Clinton, Missouri, (population 21,094) is the seat of Henry County and was founded in 1836. The first building on the town square was a storehouse built of logs, erected in February 1837.
Clinton was the site of small Civil War skirmishes in 1862 and again in1864. In 1870, the first train service came to Clinton. The city more than quadrupled its size in the following 10 years, with many businesses and three-story Victorian homes built during this period.
Coal mining has been an important industry in Henry County since the 1870s. Strip mining provided many jobs in the 1950s and ‘60s, but the high cost of land reclamation, acid rain, small coal seams, and the high sulfur content of the coal all contributed to the closing of the mines.
Another local industry in the early 1900s was raising poultry, and Clinton was known as the “Baby Chick Capital of the World.” But new choices offered to consumers in the postwar period, such as graded eggs and processed and frozen poultry meat, spelled the end of the hatchery business in Clinton by the late 1960s. Today, the health care industry, small manufacturing, and retail fuel Clinton’s economy.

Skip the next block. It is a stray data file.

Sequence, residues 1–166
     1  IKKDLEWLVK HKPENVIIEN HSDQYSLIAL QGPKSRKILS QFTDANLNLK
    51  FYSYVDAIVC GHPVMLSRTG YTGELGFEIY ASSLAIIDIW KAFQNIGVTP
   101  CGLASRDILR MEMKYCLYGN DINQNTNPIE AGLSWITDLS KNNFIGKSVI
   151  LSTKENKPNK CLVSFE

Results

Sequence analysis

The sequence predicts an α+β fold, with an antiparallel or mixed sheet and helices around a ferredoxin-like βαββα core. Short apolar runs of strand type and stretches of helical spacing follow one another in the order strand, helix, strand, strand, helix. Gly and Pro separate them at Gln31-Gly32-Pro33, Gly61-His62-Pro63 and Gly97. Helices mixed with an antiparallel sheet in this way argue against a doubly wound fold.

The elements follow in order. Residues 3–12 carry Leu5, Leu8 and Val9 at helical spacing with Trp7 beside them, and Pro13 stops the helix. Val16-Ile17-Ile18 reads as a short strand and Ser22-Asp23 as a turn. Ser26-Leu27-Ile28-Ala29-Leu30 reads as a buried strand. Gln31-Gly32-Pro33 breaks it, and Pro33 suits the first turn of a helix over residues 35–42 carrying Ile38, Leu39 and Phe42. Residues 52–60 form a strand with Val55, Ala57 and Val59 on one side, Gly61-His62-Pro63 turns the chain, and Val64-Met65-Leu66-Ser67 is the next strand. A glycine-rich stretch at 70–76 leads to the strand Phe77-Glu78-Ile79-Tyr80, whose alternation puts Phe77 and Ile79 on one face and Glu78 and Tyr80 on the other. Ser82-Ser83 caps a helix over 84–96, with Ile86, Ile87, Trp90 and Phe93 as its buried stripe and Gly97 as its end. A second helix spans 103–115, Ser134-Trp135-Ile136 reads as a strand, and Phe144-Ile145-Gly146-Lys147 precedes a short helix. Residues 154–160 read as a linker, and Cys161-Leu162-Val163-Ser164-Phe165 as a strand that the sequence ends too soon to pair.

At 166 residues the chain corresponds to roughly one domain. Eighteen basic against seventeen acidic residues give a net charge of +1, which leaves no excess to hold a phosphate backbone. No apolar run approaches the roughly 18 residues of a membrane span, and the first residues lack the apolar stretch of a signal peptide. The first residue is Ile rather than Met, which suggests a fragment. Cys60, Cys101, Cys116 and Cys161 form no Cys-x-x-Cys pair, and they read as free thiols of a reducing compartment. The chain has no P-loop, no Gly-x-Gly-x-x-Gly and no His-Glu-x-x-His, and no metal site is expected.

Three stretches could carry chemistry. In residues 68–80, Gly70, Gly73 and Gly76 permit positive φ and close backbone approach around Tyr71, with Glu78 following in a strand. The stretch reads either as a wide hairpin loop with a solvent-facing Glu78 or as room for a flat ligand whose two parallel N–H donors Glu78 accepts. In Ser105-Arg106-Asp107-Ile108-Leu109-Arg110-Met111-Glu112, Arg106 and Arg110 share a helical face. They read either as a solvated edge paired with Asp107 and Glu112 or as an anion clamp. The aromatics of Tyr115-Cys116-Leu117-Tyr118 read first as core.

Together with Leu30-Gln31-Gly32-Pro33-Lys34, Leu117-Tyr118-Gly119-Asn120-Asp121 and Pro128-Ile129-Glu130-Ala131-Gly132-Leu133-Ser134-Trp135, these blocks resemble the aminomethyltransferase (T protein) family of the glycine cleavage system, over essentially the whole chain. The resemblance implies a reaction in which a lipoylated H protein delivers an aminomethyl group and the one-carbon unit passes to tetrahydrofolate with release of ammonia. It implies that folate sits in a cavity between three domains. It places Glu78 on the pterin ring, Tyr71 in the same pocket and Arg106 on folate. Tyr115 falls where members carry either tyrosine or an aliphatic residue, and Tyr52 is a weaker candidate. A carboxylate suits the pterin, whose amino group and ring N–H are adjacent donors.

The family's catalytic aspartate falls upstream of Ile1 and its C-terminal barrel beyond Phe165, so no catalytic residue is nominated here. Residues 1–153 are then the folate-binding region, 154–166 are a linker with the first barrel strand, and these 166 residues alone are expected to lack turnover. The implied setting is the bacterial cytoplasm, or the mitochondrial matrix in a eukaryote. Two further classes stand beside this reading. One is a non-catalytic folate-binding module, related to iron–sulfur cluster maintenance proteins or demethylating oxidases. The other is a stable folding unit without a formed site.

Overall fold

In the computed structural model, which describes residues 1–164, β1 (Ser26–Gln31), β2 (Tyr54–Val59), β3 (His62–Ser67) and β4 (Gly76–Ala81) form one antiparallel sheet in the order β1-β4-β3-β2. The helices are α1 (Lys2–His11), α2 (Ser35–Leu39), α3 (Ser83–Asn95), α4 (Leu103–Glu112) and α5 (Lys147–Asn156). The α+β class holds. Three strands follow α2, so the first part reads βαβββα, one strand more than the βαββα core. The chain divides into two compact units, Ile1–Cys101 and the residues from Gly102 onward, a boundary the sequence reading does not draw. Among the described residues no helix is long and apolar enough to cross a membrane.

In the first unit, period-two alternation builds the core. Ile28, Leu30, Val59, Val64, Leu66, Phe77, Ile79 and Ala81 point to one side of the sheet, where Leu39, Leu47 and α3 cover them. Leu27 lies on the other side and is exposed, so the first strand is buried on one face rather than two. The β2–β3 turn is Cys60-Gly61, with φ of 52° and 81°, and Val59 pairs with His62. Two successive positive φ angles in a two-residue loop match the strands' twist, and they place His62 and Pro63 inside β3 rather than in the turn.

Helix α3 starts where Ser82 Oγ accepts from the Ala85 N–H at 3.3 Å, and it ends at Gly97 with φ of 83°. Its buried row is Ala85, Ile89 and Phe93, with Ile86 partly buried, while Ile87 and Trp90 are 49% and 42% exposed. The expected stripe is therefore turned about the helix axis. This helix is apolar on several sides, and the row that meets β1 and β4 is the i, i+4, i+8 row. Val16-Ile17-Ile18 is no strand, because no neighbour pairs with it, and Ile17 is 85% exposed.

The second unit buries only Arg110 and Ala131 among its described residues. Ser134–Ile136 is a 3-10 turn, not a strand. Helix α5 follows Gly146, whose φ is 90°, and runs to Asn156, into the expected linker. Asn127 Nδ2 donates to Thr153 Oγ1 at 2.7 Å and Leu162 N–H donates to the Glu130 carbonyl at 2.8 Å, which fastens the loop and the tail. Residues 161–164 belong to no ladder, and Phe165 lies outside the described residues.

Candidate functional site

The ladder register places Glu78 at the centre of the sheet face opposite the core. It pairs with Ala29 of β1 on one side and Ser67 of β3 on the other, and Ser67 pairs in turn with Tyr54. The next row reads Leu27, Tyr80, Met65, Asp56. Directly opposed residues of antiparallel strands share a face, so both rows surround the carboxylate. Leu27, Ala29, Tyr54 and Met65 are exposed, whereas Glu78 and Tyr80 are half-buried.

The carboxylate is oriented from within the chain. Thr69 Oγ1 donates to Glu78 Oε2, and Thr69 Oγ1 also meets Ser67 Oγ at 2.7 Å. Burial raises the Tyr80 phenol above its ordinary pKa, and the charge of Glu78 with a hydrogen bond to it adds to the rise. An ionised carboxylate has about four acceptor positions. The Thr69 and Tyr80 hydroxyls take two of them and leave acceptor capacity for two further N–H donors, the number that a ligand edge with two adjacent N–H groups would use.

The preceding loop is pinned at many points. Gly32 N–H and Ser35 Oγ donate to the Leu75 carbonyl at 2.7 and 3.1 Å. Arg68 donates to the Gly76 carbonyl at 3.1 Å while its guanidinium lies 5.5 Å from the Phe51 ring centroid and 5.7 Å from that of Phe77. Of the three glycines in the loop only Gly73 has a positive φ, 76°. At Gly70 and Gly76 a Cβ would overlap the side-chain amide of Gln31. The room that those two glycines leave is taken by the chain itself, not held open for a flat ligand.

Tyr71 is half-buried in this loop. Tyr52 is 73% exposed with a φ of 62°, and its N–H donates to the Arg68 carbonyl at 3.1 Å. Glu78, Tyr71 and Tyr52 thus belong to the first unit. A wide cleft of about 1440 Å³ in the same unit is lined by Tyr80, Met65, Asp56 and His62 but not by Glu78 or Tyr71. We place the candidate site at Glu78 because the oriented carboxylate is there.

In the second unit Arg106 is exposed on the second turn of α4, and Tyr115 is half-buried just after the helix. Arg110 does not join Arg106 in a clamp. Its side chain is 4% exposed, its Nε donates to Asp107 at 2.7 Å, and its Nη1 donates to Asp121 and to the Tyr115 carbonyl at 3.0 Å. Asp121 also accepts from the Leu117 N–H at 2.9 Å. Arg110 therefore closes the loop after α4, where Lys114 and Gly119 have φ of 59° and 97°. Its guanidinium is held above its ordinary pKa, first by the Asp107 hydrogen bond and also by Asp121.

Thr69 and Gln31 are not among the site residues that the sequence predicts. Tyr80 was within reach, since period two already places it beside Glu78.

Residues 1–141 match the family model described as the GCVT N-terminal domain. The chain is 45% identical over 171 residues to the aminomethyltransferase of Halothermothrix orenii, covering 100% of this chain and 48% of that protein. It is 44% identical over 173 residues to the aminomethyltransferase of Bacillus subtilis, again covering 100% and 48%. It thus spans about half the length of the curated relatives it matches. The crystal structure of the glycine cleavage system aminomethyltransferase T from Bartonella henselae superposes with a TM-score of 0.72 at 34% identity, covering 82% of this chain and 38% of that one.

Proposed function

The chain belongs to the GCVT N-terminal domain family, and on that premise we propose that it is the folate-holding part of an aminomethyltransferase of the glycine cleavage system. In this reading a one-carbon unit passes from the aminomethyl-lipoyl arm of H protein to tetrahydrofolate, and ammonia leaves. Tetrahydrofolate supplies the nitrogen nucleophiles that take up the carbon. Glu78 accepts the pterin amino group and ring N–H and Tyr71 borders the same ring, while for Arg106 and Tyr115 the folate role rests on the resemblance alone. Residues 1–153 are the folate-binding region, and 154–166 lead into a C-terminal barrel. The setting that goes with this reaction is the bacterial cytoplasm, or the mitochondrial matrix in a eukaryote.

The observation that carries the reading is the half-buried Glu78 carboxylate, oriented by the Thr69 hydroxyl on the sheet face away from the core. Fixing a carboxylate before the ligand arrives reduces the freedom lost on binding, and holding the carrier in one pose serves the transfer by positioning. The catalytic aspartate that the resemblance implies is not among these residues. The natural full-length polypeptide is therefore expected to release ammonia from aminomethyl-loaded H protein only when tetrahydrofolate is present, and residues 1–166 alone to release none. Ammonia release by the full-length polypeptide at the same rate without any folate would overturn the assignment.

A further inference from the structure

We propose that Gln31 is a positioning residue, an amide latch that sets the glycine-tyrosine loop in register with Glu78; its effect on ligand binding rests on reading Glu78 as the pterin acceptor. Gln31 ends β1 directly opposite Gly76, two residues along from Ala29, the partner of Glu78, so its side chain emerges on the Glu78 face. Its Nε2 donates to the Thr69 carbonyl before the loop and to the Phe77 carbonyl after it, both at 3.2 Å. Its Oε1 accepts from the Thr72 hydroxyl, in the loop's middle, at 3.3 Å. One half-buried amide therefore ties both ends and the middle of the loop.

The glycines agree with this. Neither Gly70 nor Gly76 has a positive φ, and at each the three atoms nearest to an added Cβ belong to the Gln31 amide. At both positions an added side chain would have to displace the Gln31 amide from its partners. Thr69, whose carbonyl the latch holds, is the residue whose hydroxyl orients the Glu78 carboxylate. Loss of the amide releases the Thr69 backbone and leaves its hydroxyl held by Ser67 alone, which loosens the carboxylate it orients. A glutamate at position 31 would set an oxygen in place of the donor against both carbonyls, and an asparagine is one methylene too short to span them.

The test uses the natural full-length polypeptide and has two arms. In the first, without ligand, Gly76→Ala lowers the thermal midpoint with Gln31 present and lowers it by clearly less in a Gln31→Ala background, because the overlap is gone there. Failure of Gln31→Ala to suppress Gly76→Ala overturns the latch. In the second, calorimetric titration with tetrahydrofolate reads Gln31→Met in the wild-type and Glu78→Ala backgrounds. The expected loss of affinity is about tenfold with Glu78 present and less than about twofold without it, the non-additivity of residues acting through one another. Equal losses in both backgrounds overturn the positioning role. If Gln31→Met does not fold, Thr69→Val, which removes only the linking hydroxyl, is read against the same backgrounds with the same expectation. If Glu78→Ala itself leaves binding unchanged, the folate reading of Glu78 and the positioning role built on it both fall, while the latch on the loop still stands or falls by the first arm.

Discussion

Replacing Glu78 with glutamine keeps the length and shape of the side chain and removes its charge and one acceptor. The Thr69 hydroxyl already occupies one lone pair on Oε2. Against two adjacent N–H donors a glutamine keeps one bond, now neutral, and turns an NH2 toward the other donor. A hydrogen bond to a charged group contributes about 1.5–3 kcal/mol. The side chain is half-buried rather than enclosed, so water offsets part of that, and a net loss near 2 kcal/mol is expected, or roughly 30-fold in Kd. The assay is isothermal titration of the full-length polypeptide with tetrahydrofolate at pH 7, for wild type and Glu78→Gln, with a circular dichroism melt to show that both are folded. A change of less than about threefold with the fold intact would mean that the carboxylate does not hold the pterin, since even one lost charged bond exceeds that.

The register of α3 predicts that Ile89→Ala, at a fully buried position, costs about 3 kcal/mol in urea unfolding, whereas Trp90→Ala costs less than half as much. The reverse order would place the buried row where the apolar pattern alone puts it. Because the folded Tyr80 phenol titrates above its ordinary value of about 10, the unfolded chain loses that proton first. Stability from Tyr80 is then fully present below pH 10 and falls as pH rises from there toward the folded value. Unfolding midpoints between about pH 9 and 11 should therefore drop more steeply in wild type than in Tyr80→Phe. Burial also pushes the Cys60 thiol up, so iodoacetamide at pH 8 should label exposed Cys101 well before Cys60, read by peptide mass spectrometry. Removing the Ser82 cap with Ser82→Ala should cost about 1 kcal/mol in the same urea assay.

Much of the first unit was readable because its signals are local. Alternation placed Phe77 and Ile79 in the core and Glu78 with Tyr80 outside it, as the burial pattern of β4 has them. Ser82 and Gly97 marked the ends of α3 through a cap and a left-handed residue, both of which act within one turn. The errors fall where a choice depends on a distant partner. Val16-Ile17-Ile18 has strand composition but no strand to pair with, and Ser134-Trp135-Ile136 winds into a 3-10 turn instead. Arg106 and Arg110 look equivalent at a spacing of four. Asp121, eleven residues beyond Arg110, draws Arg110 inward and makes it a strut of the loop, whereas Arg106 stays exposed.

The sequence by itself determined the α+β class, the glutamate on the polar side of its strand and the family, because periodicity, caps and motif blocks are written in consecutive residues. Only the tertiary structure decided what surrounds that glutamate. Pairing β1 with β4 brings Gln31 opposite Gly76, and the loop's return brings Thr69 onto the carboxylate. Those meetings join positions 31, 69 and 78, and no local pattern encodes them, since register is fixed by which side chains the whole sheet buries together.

The Clinton Square Historic District, dotted with buildings representing many eras in the town’s history, including some original storefronts, was recently listed on the National Register of Historic Places. Since 1989, Clinton Main Street, Inc. has been active in the preservation and revitalization of the historic district, and many of the facades have been renovated.
The Henry County Museum in Clinton encompasses several properties, with the main museum housed in the 1886 Anheuser-Busch building. The Adair Annex to the main building is composed of original facades and interiors that evoke the streets of a village in the late 1800s. The annex also includes an art gallery. Also part of the museum, the restored 1887 DeLozier Building serves as a performing arts center and meeting facility. The nearby Homestead, an 1880s farmstead, features an 1856 dog trot style log house, a barn, a corn crib, a smoke house, and an outhouse.
Each year the museum celebrates “Living History” on the night following Thanksgiving, where reenactors bring the late 1800s to life.
Designated a Preserve America Community in October 2009.